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Attendees rallied at the historic Metropolitan African Methodist Episcopal (AME) Church to gather support for Haiti.

By DaQuan Lawrence and Folly Kouevi, The Hilltop —

Internationally known as the first free Black republic in the world, Haiti, the nation formerly known as Ayiti, was once the richest European colony and nation in the Western Hemisphere and is now the poorest nation there, according to the World Population Review.

Impacted by both earthquakes that plagued the nation in 2010, 2018 and 2021 and the political instability that has struck Haiti since the assassination of Jovenel Moïse, the nation’s 43rd president, on July 7, 2021, members of civil society across the U.S. are focused on supporting Haiti and its population.

On March 21, the Institute of the Black World 21st Century (IBW) convened at the Metropolitan African Methodist Episcopal (AME) Church in Washington, D.C. to galvanize U.S. citizens and members of the international community to support the Haiti Support Project.

Led by Dr. Ron Daniels, the Haiti Support Project has spent the previous three decades working to build a constituency that can work collaboratively with the Haitian population.

“Our rally is against the backdrop of one of the worst crises in Haiti that I have observed in the 29 years that we’ve been working there,” Daniels said.

After Moïse’s death, Ariel Henry served as acting prime minister and acting president of the nation. He announced his resignation on March 12, according to the Associated Press.

“Henry was supposed to stay in office for about three months. That ended up being extended into almost three years, against the backdrop of people demanding change,” Daniels said.

Joseph Sturgeon III is a senior history major and Caribbean studies minor at Howard University from Fort Lauderdale, Florida, by way of Omaha, Nebraska. Sturgeon’s maternal family originates from the Northwest province of Haiti.

“My reaction, to put it plainly, was just disappointment. I feel the Haitian situation just seems to reverberate as it has in history,” he said.

Jocelyn McCalla, the executive director of the National Coalition for Haitian Rights (NCHR), was a member of IBW’s panel at the convening and shared insight with those in attendance.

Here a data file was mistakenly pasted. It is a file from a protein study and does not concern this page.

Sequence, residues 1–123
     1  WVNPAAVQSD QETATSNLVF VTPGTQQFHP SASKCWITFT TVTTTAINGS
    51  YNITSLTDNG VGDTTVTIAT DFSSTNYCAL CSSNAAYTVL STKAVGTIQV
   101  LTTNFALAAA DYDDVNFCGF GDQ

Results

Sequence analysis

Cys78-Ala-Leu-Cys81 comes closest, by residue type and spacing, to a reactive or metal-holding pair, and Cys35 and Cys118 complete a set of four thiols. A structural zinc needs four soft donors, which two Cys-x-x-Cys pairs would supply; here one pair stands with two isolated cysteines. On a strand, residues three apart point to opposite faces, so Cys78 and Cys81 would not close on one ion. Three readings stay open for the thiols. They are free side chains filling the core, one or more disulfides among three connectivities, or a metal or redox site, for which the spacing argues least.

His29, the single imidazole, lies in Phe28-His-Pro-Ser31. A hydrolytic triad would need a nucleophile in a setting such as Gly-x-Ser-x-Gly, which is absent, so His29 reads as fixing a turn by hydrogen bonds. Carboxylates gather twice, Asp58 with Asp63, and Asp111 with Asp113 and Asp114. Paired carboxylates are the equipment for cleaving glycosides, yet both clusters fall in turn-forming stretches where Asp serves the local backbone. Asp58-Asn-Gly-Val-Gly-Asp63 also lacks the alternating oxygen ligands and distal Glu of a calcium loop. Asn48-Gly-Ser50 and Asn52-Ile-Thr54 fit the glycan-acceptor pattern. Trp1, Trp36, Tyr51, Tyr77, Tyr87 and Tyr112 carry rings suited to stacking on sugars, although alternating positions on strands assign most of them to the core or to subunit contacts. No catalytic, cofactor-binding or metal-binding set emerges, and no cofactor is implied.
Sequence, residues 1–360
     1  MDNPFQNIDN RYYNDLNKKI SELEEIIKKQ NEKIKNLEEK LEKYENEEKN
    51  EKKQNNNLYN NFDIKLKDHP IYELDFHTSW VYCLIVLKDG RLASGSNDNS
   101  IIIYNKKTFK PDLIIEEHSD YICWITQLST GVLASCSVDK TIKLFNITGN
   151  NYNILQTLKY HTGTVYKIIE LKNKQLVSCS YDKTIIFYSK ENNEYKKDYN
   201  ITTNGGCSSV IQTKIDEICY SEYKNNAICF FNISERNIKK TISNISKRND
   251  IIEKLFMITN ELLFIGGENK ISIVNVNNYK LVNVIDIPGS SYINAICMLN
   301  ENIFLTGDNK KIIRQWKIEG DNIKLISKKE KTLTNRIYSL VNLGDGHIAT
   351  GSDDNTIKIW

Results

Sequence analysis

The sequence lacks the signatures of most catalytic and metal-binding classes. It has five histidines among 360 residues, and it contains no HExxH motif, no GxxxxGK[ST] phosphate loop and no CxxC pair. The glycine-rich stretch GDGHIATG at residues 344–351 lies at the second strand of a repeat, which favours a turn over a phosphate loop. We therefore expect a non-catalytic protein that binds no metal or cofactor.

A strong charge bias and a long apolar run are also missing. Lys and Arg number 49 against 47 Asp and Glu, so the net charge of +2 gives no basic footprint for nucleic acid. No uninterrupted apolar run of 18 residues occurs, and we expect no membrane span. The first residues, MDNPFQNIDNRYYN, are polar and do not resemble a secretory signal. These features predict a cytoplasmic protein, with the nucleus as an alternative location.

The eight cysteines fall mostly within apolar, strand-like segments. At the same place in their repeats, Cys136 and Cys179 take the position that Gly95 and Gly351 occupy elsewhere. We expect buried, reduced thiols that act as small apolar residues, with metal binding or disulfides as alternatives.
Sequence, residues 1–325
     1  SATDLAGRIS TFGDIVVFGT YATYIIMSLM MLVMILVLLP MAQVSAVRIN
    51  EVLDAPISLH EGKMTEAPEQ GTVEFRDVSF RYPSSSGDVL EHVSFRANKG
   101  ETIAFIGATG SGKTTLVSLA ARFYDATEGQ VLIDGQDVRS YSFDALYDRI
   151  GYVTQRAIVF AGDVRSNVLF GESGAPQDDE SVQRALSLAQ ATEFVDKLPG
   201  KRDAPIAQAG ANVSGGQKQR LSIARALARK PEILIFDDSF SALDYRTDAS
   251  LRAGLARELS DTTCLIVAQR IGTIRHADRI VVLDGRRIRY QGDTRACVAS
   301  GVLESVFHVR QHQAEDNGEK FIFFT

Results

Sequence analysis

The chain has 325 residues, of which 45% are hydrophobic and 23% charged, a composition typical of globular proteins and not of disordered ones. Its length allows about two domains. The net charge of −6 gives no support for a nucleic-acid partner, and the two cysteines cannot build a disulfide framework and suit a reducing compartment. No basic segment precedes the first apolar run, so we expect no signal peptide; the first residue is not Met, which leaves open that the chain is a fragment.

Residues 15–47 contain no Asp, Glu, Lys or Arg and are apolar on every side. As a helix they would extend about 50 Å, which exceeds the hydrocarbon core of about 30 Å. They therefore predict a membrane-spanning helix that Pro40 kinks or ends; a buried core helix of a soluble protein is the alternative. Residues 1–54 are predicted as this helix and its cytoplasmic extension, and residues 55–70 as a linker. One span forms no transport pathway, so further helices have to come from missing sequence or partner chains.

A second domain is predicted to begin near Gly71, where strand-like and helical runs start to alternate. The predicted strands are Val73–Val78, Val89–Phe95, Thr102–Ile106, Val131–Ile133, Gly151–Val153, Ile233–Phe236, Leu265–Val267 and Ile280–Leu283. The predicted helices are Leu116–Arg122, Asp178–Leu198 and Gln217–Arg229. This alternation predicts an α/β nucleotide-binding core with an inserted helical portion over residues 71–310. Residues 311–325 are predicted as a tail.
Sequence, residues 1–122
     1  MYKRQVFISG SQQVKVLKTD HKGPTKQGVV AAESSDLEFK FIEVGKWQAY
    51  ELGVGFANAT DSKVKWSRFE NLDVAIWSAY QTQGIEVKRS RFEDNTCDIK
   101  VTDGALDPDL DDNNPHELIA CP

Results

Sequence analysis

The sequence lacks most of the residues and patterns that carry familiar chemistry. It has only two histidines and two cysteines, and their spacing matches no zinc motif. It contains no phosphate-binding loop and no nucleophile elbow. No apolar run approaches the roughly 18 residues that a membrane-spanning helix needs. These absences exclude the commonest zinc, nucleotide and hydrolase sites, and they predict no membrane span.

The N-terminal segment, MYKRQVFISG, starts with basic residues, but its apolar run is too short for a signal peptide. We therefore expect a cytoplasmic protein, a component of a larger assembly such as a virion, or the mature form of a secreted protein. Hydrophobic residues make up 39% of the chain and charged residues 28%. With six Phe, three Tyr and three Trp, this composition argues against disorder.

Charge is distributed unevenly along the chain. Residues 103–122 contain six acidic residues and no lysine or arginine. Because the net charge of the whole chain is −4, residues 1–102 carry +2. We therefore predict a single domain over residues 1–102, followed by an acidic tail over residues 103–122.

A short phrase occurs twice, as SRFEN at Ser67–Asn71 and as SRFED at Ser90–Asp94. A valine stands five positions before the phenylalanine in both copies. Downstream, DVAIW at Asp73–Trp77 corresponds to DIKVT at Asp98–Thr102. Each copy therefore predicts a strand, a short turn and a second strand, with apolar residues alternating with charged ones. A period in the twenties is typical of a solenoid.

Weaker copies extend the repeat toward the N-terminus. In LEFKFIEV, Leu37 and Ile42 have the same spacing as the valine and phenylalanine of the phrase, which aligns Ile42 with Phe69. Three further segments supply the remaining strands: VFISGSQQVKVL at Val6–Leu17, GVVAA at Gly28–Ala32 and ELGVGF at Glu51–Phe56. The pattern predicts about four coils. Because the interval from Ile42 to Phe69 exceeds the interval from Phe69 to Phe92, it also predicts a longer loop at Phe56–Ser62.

“The truth is that we are witnessing the total collapse of U.S. foreign policy. Make no mistake about it, it was badly engineered,” McCalla said. “The U.S. failed to listen to the voices of reason that emerged to make sure that this was not going to happen.”

Daniels said that the rally and campaign to support the Montana Accord movement is about education and members of the African diaspora and allies getting firsthand information about what’s transpiring in Haiti and what will happen moving forward.

“That’s why we must align ourselves with this powerful movement and seek to shift U.S. policy. Congressman Gregory Meeks saying that we ‘need a Haitian-led solution and the U.S. must follow the people of Haiti and respect the sovereignty of the nation’ is invaluable,” Daniels said.

Meeks is currently a ranking member of the U.S. House Foreign Affairs Committee after serving as chairman between 2021 and 2023. He has declared his support for the Montana Accord and a political resolution led by Haiti. Meeks defended Haiti from Rep. Mike Collins, who called the country a ‘sh*thole,’ according to Politico.

Image of Haiti’s flag.

Image of Haiti’s flag. (Photo courtesy of pbalboa)

The Montana Accord, also known as the Aug. 30, 2021 Agreement, is a movement led by the Commission to Search for a Haitian Solution to the Crisis (CRSHC). The CRSHC was created on March 6, 2021, as an initiative of many committed civil society organizations during a Civil Society Forum. The agreement is the first to seek a Haitian solution to the crisis that Haiti has been undergoing since July 2018.

“The Montana Accord came out of about nine months of roundtable discussions and meetings to create a consensus on what a transition should look like in Haiti. A nine-member Presidential transition council has been submitted to CARICOM, who has been facilitating the negotiation among the parties in Haiti now for about a year,” Melinda Miles said.

Miles is a Miami-based coordinator of the Haiti Response Coalition, a cross-sector platform for different organizations that work in Haiti. The group focuses on sharing information and taking collaborative action to enable stakeholders to serve and improve Haiti.

“The coalition is based on a human rights approach,” Miles said.

Miles said that some of the mainstream media narratives about gang activities in Haiti are problematic because they tend to misleadingly paint the entire country or capital city of Port-au-Prince as being in chaos.

“The gangs are certainly connected to former and current political leaders as well as private sector stakeholders. The outcome is fighting between gangs aligned with government interests versus gangs aligned with private sector interests, and that has been driving these devastating and brutal ongoing battles,” Miles said.

Miles said that during his administration, Henry progressed into a ‘one-man-rule’ style of leadership, as he put together a cabinet where he served as minister of multiple government divisions. Other individuals served as more than one minister as well.

Articles 134 and 137 of the 1987 Constitution of the Republic of Haiti uphold that the president is elected and serves as head of state, while the prime minister is the leader of the government that is appointed by the president and approved by parliament. Miles said that when Moïse was assassinated, there were only 10 other elected officials left within the entire country.

Haiti’s democratic institutions have been systematically dismantled since the earthquake in 2010, according to The Guardian. Whereas the city of Port-au-Prince normally would have elected a mayor, that office has been appointed in recent years.

Attendees of the Haiti Support Project rally stand for the Haitian national anthem.

Attendees of the Haiti Support Project rally stand for the Haitian national anthem. (DaQuan Lawrence/The Hilltop)